Montae Nicholson- Montae Nicholson (shoulder injury) was the lone active player on defense who did not take a snap of any kind in the game. He didn't even dress for the game and likely would have been declared inactive if not for the slew of even more severely injured Redskins who occupied that 7-man list.
Nicholson averaged 50 snaps per game between Weeks 2 and 8, and he started in five of those six contests. The question now becomes: will it be Nicholson or DeAngelo Hall starting at free safety for the Redskins going forward.
Deshazor Everett- Deshazor Everett was only on the field for 1 defensive snap against the Seahawks, despite the fact that he was one of just three healthy safeties on the roster. He played on at least 8 snaps in every other game that he was active for this season.
Everett was viewed as the team’s starting strong safety heading into Week 1, but his mediocre play, the emergence of Montae Nicholson and the return of DeAngelo Hall have relegated him back to his former role of top special teamer and fourth safety.
ALL DEFENSIVE SNAPS
Snaps- The Redskins used 34 of their 43 healthy players over the course of 28 special teams snaps against the Seahawks. The group of 34 consisted of 21 defenders, 10 offensive players and 3 specialists. Josh Harvey-Clemons, Chris Carter, Joshua Holsey and Fabian Moreau were the only players that got action exclusively on special teams.
Chris Carter and Deshazor Everett tied for the team lead in special teams snaps for the second straight week. Harvey-Clemons and Moreau finished right behind them in snaps for the second consecutive game, as well.
Kick Coverage- Martrell Spaight led the way with 3 tackles on special teams (1 solo and 2 assisted) and Chris Carter added a solo and assisted tackle.
Deshazor Everett and Will Compton also had solo takedowns and Fabian Moreau, Brian Quick and Josh Harvey-Clemmons chipped in with assists. The assists by Quick and Harvey-Clemons were their first teams tackles of the season.
The 78 total return yards by the Seahawks in this game represent the second most return yards allowed by the Skins’ special teams in a game this season (83 vs. Rams in Week 2). The game against the Rams was the only other time that a team returned more than three total punts and kicks against them (7 total returns in both games).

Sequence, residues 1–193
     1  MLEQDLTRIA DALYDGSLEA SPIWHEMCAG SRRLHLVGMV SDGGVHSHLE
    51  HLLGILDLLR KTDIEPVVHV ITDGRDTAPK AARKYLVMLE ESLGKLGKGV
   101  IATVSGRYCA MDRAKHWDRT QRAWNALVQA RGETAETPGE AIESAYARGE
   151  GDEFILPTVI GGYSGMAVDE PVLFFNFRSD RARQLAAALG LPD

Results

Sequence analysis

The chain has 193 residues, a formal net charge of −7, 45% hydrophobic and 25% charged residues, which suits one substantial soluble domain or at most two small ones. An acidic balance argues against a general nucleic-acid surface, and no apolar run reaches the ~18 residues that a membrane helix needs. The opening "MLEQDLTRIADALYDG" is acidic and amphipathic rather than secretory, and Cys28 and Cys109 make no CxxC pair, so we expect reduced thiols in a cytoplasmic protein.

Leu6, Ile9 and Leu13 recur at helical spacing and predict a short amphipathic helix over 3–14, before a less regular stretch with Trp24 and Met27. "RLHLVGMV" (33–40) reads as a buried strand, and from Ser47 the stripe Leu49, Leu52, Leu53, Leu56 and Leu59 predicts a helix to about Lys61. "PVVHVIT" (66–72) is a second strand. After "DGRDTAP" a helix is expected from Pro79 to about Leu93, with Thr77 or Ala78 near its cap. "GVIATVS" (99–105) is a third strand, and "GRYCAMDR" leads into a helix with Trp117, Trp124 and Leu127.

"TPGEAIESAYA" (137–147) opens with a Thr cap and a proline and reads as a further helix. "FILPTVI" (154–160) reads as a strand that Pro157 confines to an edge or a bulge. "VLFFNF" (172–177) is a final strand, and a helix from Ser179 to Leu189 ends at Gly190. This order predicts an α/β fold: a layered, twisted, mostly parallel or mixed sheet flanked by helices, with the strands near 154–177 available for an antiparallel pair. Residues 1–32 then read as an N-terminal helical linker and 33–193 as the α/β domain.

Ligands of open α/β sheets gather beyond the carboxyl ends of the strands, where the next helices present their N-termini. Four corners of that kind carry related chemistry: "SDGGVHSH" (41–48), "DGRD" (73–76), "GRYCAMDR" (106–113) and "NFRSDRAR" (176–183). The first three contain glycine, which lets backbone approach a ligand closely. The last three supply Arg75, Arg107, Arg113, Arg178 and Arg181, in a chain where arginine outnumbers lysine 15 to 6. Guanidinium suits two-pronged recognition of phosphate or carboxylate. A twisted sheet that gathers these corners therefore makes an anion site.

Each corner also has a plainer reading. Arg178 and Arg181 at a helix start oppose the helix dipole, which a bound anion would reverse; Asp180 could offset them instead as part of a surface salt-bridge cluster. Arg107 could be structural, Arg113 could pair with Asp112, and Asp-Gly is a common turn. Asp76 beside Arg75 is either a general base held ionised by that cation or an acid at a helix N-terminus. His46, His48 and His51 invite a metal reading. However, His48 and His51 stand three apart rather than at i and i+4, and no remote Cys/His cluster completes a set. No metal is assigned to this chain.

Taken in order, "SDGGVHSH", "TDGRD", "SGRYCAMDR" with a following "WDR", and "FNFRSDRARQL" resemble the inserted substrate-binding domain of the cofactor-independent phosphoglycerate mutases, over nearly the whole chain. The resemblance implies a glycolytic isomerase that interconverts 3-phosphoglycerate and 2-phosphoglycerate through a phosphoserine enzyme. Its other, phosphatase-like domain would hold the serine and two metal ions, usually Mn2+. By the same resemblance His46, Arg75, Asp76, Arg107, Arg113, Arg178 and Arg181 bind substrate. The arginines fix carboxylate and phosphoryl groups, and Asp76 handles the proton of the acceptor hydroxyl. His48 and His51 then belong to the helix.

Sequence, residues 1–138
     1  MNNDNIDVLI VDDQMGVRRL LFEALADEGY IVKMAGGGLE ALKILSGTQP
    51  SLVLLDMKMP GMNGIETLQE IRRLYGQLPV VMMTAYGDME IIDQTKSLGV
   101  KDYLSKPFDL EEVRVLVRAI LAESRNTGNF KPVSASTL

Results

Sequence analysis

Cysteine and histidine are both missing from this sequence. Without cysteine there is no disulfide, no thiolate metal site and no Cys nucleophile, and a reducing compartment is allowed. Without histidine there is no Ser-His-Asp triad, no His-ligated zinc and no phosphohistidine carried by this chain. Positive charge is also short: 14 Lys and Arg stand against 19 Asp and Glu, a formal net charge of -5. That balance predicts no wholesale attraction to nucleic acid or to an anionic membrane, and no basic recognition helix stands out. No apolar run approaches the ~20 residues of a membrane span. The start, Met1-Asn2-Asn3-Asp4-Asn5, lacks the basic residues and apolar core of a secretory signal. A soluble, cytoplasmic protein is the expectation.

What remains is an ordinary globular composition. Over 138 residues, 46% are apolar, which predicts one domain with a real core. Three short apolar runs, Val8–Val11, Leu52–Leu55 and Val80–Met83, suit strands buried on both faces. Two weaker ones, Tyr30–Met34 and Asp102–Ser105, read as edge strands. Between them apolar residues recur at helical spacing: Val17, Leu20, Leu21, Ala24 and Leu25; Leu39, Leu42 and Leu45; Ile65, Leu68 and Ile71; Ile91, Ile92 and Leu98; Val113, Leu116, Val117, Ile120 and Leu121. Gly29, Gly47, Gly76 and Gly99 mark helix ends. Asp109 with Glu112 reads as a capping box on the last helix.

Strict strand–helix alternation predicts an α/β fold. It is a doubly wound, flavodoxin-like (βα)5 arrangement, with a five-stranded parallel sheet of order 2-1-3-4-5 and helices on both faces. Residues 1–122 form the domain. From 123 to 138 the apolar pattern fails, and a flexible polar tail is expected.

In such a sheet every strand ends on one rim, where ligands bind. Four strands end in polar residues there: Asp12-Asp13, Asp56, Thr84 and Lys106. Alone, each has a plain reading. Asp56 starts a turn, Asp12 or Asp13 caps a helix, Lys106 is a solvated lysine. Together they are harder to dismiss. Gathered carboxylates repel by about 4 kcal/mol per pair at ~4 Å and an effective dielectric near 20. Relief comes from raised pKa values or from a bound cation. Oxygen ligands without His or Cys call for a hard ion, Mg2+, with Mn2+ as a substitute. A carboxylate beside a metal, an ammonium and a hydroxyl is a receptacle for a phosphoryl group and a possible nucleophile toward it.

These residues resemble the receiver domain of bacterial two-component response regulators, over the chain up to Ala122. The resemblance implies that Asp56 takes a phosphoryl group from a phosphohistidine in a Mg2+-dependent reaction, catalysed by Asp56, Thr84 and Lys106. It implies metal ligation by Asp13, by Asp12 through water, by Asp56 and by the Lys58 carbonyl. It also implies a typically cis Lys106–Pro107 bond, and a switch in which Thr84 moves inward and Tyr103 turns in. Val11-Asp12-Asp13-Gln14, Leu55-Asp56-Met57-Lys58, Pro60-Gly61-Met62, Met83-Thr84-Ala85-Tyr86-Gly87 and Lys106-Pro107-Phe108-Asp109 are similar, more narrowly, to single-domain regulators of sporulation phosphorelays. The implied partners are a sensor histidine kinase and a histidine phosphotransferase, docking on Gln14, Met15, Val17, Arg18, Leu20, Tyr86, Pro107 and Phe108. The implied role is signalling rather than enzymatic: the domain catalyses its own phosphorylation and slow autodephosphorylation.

Nick Rose- Rose was basically perfect for the second time in his three games with the team. He connected a 28-yard field goal in the third quarter and hit on both of his extra points.
He booted three of his four kickoffs for touchbacks, and the fourth kick was only returned 21 yards out to the Seattle 18.
Tress Way- Prior to Sunday, Way’s season high for punts in a game was 5. He had 8 punts in this game, and as a result he posted new season highs in punts yards (320), net yards (275), punts returned (5) and return yards allowed (45). The increased opportunities certainly did not help his efficiency.
He averaged a season-low 40 yards per punt and his net average of 34.4 was his second worst mark of the year in this category. Three of his punts went for 32 or fewer yards and he only pinned Seattle inside their own 20-yard line on one or 12.5% of his eight punts. His previous season-low in this metric was 25%. Way also had one of his punts partially blocked.
The conditions were far from optimal, but all things considered, this still may have been worst game of any already down season for Way.
Kickoff Returns- Rob Kelley and Samaje Perine took over kickoff return duties for Chris Thompson and Bashaud Breeland in this game.
I understand the idea of wanting to protect two of your more valuable players by relieving them of this duty, but I would think you could find better replacements than a pair of running backs that ran a 4.60 or worse at their pro days.
Kelley and Perine each had one return on the day that went out to the Washington 22-yard line, and they gained 16 and 20 yards respectively on those returns.
The Redskins have still not taken a single return out past the 25-yard line this season. Unless you have a Pro Bowl level return guy back there, I’m not sure why you would have any reason to return a kick that drops anywhere near the end zone. This definitely appears to be something that Washington’s coaching staff has not yet figured out.
Punt Returns- Jamison Crowder was out with a hamstring injury, so DeAngelo Hall took over punt return duties for the team.
Hall took his two returns for gains of 0 and 7 yards. His 7-yarder was his longest return since the 2007 season. This was the first time Hall had returned a punt since Week 17 of the 2012 season. You have to go back to 2009 to find the next game in which he had a return.
The biggest impact on a Seattle punt may have actually come on a punt that Hall didn’t return. Hall chose not to fair catch John Ryan’s second punt and it rolled to the Redskins’ 6-yard line. Kirk Cousins was sacked in the end zone for a safety on the next play.
Field Goal Defense- All three of Blair Walsh’s field goal attempts went wide left on Sunday. With that, he became the first kicker to miss three field goals against the Redskins since former Colts kicker Toni Linhart went 0-for-3 against the team in November of 1978, almost exactly 39 years ago to the day.
*All statistics are courtesy of CSN Mid Atlantic, ESPN, Football Outsiders, NFL.com, NFL Gamebooks, Pro Football Focus, Pro Football Reference, Redskins.com and Sharp Football Stats*
COMING SOON: Skins Stats & Snaps: Redskins @ Seahawks (Offense)